An infrastructure is literally a structure below the surface (‘infra’ is Latin for ‘below’), but while many infrastructures are literally buried in the ground this isn’t a defining characteristic of infrastructure in general. Paul Edwards writes: “The most salient characteristic of technology in the modern (industrial and postindustrial) world is the degree to which most technology is not salient for most people, most of the time.” (2003: 185) With this, he points to a fundamental principle of infrastructure: its withdrawal. Rather than the surface of the ground, Edwards indicates the tendency of technologies to pass below a surface of saliency or relevance. We might approach this at first from the perspective of conscious awareness: when I plug a kettle into a power socket, or pull the plug from a sink, I’m rarely consciously aware of the networks of supply and disposal I’m activating and relying on. These large technical systems do their work out of the light of my conscious attention. Even when they’re in plain sight—a line of transmission towers marching across a landscape, for example—infrastructures may not rise to my attention, occluded by the task at hand: making tea, washing the dishes. Infrastructures fall below the horizon of my attention. Infrastructures (as arguably do technologies in general) “reside in a naturalized background, as ordinary and unremarkable to us as trees, daylight and dirt” (Edwards, 2003: 185). The process of submergence, the metaphorical burial of infrastructure, needs to be understood in terms of this naturalisation, this backgrounding. Further, we need to see fading into the background as an explicit tendency, not just an accidental characteristic. That is, infrastructures don’t exist and then happen to withdraw from the surface of attention; this withdrawal is one of their fundamental characteristics. Infrastructures disappear not primarily in being buried or hidden, but in being occluded by the uses to which they are put.
Edwards, P. N. (2003). Infrastructure and modernity. force, time and social organization in the history of sociotechnical systems. In Misa, T. J., Brey, P., and Feenberg, A., editors, Modernity and Technology, pages 185–226. Cambridge, MA: MIT Press.
I’ve been working on ways of mapping infrastructure as “ready-to-hand”. Instead of registering the hardware of the infrastructure, I want to register it in terms of its use. At the moment I’m playing with Stefan Wehrmeyer’s Mapnificent tool, which uses public transport data (in Auckland’s case from MAXX) to estimate how far you can get in a given time window. The tool exports in GeoJSON, which I’m then compiling using QGIS. A few things I’ve noticed: the initial walking circle is drawn without any knowledge of barriers to mobility (it’s happy to let you walk on water and through buildings). Secondly, there are large parts of the site where you’re more than ten minutes from a connection to public transport, so your mobility horizon is set solely by how far you can walk. Thirdly, bus stops and train stations are attractors — from a number of locations you can end up at these points, so they appear darker. Given the intensity of the road and rail infrastructure here, it’s odd to see how disconnected from the network you can be. I’m going to try cleaning this up a bit.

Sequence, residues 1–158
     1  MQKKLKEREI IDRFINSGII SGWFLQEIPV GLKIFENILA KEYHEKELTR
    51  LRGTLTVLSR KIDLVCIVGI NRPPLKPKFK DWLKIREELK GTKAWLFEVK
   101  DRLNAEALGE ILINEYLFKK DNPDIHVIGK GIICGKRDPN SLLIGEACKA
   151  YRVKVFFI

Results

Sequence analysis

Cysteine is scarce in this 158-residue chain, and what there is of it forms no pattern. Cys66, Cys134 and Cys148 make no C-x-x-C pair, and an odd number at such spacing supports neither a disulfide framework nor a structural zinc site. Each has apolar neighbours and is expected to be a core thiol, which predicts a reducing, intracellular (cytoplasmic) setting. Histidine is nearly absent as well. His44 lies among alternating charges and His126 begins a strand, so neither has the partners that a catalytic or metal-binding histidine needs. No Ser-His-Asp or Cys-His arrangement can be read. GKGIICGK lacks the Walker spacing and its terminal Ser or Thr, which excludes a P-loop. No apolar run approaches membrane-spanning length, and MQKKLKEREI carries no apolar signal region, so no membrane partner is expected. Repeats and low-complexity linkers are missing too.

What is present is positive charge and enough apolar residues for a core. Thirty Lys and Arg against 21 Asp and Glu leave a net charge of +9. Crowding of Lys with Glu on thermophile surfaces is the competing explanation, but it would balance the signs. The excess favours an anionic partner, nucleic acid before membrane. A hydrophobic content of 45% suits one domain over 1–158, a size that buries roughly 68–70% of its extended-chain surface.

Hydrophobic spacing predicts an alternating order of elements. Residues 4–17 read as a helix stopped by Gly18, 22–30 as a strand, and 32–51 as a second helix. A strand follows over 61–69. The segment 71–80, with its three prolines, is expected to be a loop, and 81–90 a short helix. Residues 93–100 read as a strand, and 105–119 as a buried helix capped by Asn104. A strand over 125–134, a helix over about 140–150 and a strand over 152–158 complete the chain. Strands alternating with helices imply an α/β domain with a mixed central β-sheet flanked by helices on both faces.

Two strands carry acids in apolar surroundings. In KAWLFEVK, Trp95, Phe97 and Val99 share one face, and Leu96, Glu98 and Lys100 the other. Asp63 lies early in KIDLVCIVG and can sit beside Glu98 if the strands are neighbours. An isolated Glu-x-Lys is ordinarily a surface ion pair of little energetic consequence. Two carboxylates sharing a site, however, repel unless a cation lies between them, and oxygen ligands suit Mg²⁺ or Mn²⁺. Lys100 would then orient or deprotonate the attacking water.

Roberto Collovà, Una via tre piazze, Gela (Caltanisetta), 2006-12. In Lotus 151, p.102-7.
These heavy sands are language tide and wind have silted here.
— James Joyce, Ulysses (1922)
Tim Ingold, in an essay “On Weaving a Basket” suggests that all making be thought of as a kind of weaving. He bases this on observing the way that basket-weaving proceeds very differently to something like making a clay pot. Making a clay pot apparently involves the application of form to a material matrix. The clay is at first shapeless, and more-or-less homogenous. The potter then shapes the clay, as if applying a pattern. The concepts of form and matter that derive from this model of making were particularly influential amongst ancient Greek philosophers, for whom sculpture was the archetypal art. We inherit these concepts of form and matter from this quite specific idea of a specific kind of making.
Ingold, however, asks us to pay attention to a different kind of making. Baskets are made of long flexible sticks, and are far less easy to shape. The weaver begins with a spiral, or a number of interlocking spirals, and the basket slowly develops in her hands. The idea of a form applied doesn’t fit well with this scenario, and Ingold suggests that what it resembles more than anything else is something growing. At any point in the basket’s production, the weaver doesn’t have anything like a free hand. The next move is not completely predetermined, but it’s highly constrained—by the nature of the material, and the structural necessity of the over-under movement. With skill, the shape of the basket can be manouevred through adjusting the tension of the strands, and by inserting or ending strands. The basket arrives as a highly formed object—there is no question of the basket having made itself, or happening accidentally—but the role of the basket-weaver is not that of the ancient Greek sculptor.
Ingold claims that to understand making properly, we need to dispense with the picture of making as form-application, and see making in general as having the character of weaving: as a process that unfolds, in which all the previous states of the thing being made exert constraints and pressures on it’s current and future states. The maker’s action is managing an unfolding growth, rather than reifying a pre-existing idea of form.